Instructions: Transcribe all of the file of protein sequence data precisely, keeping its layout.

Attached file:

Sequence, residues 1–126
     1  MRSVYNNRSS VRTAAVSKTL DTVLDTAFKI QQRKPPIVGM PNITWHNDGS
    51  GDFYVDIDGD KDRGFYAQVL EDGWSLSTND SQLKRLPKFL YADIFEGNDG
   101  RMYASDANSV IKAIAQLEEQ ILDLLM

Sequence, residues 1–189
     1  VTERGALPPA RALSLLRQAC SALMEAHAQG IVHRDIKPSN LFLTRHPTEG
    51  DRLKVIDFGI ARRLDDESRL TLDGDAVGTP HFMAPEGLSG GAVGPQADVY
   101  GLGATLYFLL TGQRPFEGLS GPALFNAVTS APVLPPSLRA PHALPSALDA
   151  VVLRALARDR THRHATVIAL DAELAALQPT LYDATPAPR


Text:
Sequence, residues 1–126
     1  MRSVYNNRSS VRTAAVSKTL DTVLDTAFKI QQRKPPIVGM PNITWHNDGS
    51  GDFYVDIDGD KDRGFYAQVL EDGWSLSTND SQLKRLPKFL YADIFEGNDG
   101  RMYASDANSV IKAIAQLEEQ ILDLLM

Sequence, residues 1–189
     1  VTERGALPPA RALSLLRQAC SALMEAHAQG IVHRDIKPSN LFLTRHPTEG
    51  DRLKVIDFGI ARRLDDESRL TLDGDAVGTP HFMAPEGLSG GAVGPQADVY
   101  GLGATLYFLL TGQRPFEGLS GPALFNAVTS APVLPPSLRA PHALPSALDA
   151  VVLRALARDR THRHATVIAL DAELAALQPT LYDATPAPR